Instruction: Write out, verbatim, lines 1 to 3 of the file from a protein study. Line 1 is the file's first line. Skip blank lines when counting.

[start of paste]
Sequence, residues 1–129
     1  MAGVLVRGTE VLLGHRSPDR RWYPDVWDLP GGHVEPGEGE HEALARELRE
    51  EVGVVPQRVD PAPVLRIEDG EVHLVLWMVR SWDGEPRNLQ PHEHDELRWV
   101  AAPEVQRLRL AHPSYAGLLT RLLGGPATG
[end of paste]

Sequence, residues 1–129
     1  MAGVLVRGTE VLLGHRSPDR RWYPDVWDLP GGHVEPGEGE HEALARELRE
    51  EVGVVPQRVD PAPVLRIEDG EVHLVLWMVR SWDGEPRNLQ PHEHDELRWV